If you don’t have an estate plan in place yet, there’s no time like the present to get started. Making an appointment with Cuturic Law is a good first step. We can answer any questions you have and help you to make a plan that’s right for you and your family.

Probate and Trust Estate Administration – Sarasota, Florida

Probate administration is the process that occurs after a person dies by which his or her estate is “settled.” In a nutshell this means:

  • the decedent’s assets are collected
  • creditors are notified and paid
  • and then the remaining assets are distributed to the decedent’s beneficiaries in accordance with the decedent’s will (or the default rules in Florida if there is no valid Will)

Probate assets are all of the assets that a person owns in his or her individual name at death. A will determines the distribution of those assets. If the decedent did not have a will, then Florida’s laws of intestacy are applied.

A will also names the person the decedent selected to administer the decedent’s estate. That is the person who performs the above process. This person is referred to as “personal representative” in Florida. The person representative must file the will with the court and petition to open the process of probate. When the petition is granted, the process of probate officially begins. In Florida, you must hire an attorney to probate an estate. The only exceptions are if you are an attorney or if you are trying to get reimbursed for paying funeral expenses.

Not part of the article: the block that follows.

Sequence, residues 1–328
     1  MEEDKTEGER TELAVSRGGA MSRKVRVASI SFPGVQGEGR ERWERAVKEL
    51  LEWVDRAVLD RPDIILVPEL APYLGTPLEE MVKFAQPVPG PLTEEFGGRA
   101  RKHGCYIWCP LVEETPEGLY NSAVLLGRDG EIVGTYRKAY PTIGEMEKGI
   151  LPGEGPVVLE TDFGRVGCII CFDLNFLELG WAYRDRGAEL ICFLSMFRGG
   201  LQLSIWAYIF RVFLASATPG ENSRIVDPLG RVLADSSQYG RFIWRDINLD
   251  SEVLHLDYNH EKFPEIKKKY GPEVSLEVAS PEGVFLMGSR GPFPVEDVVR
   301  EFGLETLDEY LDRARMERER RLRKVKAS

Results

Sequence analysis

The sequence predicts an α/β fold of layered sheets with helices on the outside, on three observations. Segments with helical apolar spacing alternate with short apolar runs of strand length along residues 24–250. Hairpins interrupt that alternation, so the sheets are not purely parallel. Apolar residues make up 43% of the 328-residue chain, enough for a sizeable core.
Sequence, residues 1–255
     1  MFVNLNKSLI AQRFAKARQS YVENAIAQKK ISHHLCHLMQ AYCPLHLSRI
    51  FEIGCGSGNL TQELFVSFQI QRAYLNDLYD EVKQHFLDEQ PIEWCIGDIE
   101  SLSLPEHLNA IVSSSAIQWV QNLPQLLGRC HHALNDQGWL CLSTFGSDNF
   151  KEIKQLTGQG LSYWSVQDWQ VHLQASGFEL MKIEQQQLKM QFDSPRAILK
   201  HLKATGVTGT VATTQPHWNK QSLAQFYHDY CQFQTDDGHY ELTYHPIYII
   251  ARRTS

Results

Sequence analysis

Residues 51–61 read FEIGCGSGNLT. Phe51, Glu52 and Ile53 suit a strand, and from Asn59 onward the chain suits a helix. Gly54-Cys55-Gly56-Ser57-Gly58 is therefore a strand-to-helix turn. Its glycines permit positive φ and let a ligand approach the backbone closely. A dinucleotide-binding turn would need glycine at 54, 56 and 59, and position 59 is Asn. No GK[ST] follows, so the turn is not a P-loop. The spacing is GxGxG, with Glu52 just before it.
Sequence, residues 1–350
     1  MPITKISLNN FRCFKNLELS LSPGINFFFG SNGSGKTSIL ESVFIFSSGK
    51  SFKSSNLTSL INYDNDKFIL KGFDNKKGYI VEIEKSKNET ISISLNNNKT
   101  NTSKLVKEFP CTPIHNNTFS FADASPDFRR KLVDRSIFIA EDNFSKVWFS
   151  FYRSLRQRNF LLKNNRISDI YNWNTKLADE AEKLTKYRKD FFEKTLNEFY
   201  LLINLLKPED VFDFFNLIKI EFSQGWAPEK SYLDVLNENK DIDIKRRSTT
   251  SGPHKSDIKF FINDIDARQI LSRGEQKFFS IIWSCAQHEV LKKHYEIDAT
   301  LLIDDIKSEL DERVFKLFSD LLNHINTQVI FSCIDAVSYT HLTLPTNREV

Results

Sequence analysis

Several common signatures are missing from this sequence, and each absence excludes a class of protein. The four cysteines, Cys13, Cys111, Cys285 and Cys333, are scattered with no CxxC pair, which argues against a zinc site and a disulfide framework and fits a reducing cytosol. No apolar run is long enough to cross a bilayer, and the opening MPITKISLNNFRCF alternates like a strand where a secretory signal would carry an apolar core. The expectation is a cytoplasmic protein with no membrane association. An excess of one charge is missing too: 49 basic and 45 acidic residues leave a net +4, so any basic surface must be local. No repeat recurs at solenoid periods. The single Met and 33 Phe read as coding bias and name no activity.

The personal representative must first give notice of the estate administration. This notice must be given to all parties who have an interest in the estate. The personal representative is responsible for paying any claims made against the estate from the assets within the estate, and must pay these claims before distributing anything to the beneficiaries. The personal representative will also be responsible for filing income tax returns and, if necessary, estate tax returns on behalf of the decedent and the decedent’s estate.

After all requirements have been satisfied, the personal representative may begin to distribute the remaining assets to the decedent’s beneficiaries.

Alzheimer’s and Dementia Planning – Sarasota, Florida

At Cuturic Law, our mission is to help guide our clients who are dealing with dementia through the maze of the aging network (community or government agencies, healthcare providers, and other organizations who meet the needs of elderly populations). In keeping with our legal team’s focus, we aim to become the go-to law firm in Florida related to legal and financial planning for dementia. Our mission is to help clients and their families get answers to their questions and find the help they need.

At Cuturic Law, we can help you:

  • Plan ahead for long-term care expenses
  • Estimate the cost of care and provide asset protection from the cost of nursing home or in-home care
  • Prepare legal documents
  • Explore available resources in your community
  • Provide disease education on:
    • Stages of the disease
    • Communication needs
    • Behavior interventions
    • Avoiding caregiver stress
  • Provide care planning and case management to help caregivers manage the disease stages

The first step towards security and ease about your future care is to schedule a consultation with us today.